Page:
A security official stands in the lobby of the International Monetary Fund headquarters in Washington, the US. Picture: REUTERS/YURI GRIPAS
A security official stands in the lobby of the International Monetary Fund headquarters in Washington, the US. Picture: REUTERS/YURI GRIPAS

The IMF has cut its world economic growth forecasts for 2019 and 2020, due to weakness in Europe and some emerging markets. It says failure to resolve trade tension could further destabilise a slowing global economy.

In its second downgrade in three months, the global lender on Monday also cited a bigger-than-expected slowdown in China’s economy and a possible “no-deal” Brexit as risks to its outlook, saying these could worsen market turbulence in financial markets.

The IMF predicted the global economy would grow at 3.5% in 2019 and 3.6% in 2020, down 0.2 and 0.1 percentage point respectively from October 2018’s forecasts.

The new forecasts, released ahead of this week’s gathering of world leaders and business executives in the Swiss ski resort of Davos, show that policymakers may need to come up with plans to deal with an end to years of solid global growth.

“Risks to global growth tilt to the downside. An escalation of trade tensions beyond those already incorporated in the forecast remains a key source of risk to the outlook,” the IMF said updating its World Economic Outlook report.

“Higher trade policy uncertainty and concerns over escalation and retaliation would lower business investment, disrupt supply chains and slow productivity growth. The resulting depressed outlook for corporate profitability could dent financial market sentiment and further dampen growth.”

The downgrades reflect signs of weakness in Europe, with its export powerhouse Germany hurt by new fuel emission standards for cars and with Italy under market pressure due to Rome’s recent budget standoff with the EU.

Eurozone growth was set to slip from 1.8% in 2018 to 1.6% in 2019, 0.3 percentage points lower than projected three months ago, the IMF said.

The IMF also cut its 2019 growth forecast for developing countries to 4.5%, down 0.2 percentage points from the previous projection and a slowdown from 4.7% in 2018.

“Emerging-market and developing economies have been tested by difficult external conditions over the past few months amid trade tensions, rising US interest rates, dollar appreciation, capital outflows, and volatile oil prices,” the IMF said.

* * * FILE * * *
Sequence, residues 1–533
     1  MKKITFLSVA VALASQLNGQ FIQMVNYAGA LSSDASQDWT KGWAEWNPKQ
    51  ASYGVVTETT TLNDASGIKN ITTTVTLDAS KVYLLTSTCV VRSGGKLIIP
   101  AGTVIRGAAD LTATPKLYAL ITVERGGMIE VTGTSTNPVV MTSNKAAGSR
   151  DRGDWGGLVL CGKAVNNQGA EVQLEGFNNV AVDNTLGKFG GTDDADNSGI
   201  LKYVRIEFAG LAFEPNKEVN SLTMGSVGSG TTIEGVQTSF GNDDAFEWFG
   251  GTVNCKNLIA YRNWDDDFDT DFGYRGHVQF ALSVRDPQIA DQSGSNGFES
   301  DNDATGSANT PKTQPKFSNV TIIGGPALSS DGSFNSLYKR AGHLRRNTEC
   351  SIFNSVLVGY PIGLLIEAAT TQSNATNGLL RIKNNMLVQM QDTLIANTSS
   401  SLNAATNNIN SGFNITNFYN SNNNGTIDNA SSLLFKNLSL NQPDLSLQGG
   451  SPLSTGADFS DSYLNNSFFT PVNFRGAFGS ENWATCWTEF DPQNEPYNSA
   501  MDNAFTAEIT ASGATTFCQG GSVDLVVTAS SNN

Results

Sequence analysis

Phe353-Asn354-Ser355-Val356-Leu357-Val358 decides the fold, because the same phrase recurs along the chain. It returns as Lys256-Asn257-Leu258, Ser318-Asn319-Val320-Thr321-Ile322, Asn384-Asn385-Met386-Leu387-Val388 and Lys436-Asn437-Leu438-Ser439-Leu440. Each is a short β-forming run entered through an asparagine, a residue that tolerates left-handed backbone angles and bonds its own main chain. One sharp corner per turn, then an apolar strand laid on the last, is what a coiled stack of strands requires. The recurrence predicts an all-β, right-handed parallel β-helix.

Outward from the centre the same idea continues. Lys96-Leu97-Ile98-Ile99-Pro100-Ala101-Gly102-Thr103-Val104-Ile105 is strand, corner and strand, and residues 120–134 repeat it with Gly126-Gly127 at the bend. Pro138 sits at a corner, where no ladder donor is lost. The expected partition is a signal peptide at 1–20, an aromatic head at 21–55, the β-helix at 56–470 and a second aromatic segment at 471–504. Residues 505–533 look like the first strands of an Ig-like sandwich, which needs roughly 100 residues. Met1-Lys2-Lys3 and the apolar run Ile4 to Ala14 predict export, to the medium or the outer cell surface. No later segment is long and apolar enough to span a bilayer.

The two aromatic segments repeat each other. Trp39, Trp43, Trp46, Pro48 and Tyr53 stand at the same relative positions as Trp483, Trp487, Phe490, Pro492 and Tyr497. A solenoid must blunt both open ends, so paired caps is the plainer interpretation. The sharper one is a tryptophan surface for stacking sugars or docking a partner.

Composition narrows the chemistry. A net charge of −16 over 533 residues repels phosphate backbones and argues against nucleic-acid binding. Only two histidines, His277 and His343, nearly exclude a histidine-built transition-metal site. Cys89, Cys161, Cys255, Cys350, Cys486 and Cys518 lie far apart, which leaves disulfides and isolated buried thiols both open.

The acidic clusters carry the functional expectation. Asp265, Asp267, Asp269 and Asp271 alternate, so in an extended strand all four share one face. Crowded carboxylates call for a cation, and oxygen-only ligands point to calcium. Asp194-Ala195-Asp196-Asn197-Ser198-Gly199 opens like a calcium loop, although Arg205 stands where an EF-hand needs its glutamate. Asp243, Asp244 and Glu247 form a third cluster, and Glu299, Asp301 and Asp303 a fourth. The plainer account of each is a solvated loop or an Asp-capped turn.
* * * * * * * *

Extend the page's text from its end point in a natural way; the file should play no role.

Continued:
The IMF maintained its US growth projections of 2.5% for 2019 and 1.8% in 2020, pointing to continued strength in domestic demand.

It also kept its China growth forecast at 6.2% in both 2019 and 2020, but said economic activity could miss expectations if trade tensions persist, even with state efforts to spur growth by boosting fiscal spending and bank lending.

“As seen in 2015-16, concerns about the health of China’s economy can trigger abrupt, wide-reaching sell-offs in financial and commodity markets that place its trading partners, commodity exporters, and other emerging markets under pressure,” it said.

Britain is expected to achieve 1.5% growth this year, though there is uncertainty over the projection, which is based on the assumption of an orderly exit from the EU, the IMF said.

The rare bright spot was Japan, with the IMF revising up its forecast by 0.2 percentage points to 1.1% this year due to an expected boost from the government’s spending measures, which aim to offset a scheduled sales-tax hike in October.

The IMF has been urging policymakers to carry out structural reforms while the global economy enjoys solid growth, with its MD, Christine Lagarde, telling them to “fix the roof while the sun is shining”. The IMF has stressed the need to tackle income inequality and reform the financial sector.

However, as growth momentum peaks and risks to the outlook rise, policymakers must now focus on policies to prevent further slowdowns, the IMF said.

“The main shared policy priority is for countries to resolve co-operatively and quickly their trade disagreements and the resulting policy uncertainty, rather than raising harmful barriers further and destabilising an already slowing global economy,” it said.

Reuters